Published: May 24, 2024

Dane Taylor, Department of Mathematics and Statistics, University of Wyoming

Consensus processes over networks: Past, present, and future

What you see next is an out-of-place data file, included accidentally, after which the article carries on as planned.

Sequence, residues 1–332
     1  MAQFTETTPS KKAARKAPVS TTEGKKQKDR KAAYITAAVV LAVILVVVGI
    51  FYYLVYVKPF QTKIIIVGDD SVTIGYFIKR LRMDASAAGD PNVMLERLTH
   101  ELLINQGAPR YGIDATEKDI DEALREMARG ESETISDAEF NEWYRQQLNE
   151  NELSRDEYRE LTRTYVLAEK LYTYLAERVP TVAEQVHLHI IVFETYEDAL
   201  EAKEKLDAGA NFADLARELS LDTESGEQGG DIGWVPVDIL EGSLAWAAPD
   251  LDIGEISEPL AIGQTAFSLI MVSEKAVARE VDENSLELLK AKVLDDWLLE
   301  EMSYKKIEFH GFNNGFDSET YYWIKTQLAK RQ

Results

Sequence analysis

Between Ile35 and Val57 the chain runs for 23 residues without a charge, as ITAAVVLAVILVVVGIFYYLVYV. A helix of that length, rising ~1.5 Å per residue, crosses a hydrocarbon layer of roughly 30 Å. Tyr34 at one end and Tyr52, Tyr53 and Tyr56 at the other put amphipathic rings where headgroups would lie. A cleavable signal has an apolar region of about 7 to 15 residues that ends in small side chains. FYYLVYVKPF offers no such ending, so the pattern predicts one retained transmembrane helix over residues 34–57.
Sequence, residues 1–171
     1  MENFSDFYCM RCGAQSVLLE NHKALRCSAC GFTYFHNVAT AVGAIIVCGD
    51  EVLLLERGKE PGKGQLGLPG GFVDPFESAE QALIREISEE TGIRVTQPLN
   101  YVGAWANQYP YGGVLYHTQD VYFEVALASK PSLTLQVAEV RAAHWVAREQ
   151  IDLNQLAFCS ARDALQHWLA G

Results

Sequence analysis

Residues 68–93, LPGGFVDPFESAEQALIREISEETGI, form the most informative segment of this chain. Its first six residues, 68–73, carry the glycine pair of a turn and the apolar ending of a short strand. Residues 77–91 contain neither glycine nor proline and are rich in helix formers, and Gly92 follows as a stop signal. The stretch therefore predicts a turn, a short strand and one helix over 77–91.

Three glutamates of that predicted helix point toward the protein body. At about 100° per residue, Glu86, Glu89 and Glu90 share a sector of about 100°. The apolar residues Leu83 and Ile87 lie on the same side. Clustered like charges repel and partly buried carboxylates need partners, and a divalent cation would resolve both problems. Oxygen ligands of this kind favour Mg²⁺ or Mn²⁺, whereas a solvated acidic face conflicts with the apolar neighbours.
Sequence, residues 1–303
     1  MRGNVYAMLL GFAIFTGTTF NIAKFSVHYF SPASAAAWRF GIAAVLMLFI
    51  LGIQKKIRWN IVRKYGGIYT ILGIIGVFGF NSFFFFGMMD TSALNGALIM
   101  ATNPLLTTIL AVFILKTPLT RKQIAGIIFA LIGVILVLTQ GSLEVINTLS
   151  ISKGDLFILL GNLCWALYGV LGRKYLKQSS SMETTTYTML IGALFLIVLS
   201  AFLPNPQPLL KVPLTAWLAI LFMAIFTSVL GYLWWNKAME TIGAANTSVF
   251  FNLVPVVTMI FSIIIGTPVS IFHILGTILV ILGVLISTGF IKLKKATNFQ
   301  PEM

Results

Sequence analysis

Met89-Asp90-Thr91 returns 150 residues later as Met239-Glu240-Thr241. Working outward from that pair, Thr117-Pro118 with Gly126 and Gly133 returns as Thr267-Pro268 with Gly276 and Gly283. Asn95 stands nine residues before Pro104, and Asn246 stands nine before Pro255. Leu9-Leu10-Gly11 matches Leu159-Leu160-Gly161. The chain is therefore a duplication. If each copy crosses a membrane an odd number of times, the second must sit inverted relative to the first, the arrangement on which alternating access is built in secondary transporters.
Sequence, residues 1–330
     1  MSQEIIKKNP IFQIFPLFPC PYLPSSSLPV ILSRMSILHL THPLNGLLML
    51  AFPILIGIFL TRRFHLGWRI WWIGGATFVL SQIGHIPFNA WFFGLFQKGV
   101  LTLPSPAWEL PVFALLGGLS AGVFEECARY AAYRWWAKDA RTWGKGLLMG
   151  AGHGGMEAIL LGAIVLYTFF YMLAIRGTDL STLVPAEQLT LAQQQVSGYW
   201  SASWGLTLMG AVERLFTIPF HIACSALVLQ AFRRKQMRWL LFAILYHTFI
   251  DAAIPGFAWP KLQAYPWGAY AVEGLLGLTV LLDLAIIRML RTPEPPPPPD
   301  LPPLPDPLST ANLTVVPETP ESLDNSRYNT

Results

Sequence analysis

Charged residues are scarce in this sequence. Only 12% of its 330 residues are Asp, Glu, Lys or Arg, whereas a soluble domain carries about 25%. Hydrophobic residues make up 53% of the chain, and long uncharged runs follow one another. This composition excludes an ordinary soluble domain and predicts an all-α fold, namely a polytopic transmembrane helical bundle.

Models for consensus---that is, the reaching of agreement---have been developed, e.g., to study how group decisions are collectively made within social networks, how groups of animals collectively move, and how decentralized machine-learning (ML) algorithms train on dispersed data. In this talk, I will review applications and theories for consensus processes over networks and then describe ongoing work to extend these models. First, I will discuss the important role that network structure plays in shaping consensus dynamics, including results for how the presence of community structure may or may not impact the convergence rate for decentralized ML. Motivated by emerging scenarios in which collective decisions are made by human-AI teams, I will study consensus over a system comprised of 2 asymmetrically coupled networks, which are used to model a social network supported by a network of AI agents. I will present theory for when collective decisions are obtained optimally fast (i.e., with a maximal convergence rate) and when the resulting decisions are cooperative (i.e., the final state reflects the initial states of both networks). Time permitting, I will present another generalization in which consensus is formulated for “higher-order” networks with multiway interactions encoded by a simplicial complex (i.e., as opposed to a graph that encodes pairwise interactions). This discussion will touch on a few related mathematical areas including differential equations, random matrix theory, spectral perturbation/optimization, and algebraic topology/homology.

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